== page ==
The cost was around £259, Donors included Jos. Pease, Mr Bell, Earl of Zetland, J Wharton, J Pease MP, G Pease, Captain Challoner, FA Millbank MP and Jos Fawcett.

Guisborough Primitive Methodist Chapel

The Primitive Methodist Chapel was built on Chapel Street in 1860 at a cost of £425, the plaque now worn flat and painted blue presumably once carried the name and date.

Guisborough Cons Club - Ex Methodist Chapel
Guisborough Cons Club 2019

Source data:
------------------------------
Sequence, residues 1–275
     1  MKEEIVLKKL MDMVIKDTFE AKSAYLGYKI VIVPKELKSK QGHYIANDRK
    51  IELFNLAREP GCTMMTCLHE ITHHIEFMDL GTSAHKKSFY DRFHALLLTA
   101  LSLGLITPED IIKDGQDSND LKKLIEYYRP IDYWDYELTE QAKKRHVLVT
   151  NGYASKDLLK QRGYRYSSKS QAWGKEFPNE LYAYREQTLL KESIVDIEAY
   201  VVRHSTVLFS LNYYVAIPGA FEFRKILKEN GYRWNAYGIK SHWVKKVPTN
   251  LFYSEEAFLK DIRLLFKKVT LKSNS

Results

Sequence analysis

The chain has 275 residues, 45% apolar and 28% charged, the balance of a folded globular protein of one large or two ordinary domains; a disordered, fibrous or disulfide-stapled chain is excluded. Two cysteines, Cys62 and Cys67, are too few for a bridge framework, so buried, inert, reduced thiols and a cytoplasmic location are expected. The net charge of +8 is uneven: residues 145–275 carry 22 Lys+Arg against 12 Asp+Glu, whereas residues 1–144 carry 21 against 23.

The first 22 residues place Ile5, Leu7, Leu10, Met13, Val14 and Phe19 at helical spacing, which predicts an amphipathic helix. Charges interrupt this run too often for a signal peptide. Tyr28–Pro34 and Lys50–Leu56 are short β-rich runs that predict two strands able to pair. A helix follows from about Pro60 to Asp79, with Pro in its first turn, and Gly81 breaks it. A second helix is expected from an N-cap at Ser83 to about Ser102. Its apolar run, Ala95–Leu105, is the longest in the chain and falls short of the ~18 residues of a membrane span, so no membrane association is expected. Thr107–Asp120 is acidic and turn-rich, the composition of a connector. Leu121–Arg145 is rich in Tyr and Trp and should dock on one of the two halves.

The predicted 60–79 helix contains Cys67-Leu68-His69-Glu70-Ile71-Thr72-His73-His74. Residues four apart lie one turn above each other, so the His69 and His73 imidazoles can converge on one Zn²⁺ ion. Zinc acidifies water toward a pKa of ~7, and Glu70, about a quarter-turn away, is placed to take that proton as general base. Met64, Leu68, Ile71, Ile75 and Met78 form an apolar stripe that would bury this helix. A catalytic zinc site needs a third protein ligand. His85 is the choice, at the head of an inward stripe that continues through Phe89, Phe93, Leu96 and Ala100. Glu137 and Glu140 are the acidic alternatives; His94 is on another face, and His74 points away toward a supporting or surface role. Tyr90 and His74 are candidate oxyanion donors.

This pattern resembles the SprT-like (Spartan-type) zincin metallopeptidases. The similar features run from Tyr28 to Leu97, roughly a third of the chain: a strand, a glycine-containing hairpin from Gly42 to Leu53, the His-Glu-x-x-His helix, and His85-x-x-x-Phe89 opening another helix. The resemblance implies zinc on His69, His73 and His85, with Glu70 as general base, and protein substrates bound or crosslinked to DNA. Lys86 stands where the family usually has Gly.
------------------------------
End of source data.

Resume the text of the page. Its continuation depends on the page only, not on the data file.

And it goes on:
In 1907 they relocated to much larger premises on Westgate at a cost of £4000, which is still a Methodist church. The site is now the Guisborough Cons Club .

Loftus Primitive Methodists






Skinningrove Methodist Chapel

The Methodist chapel in Skinningrove dates from 1873 and is still active today.

Skinningrove Chapel
Skinningrove Chapel

Northern Echo – Wednesday 30 July 1873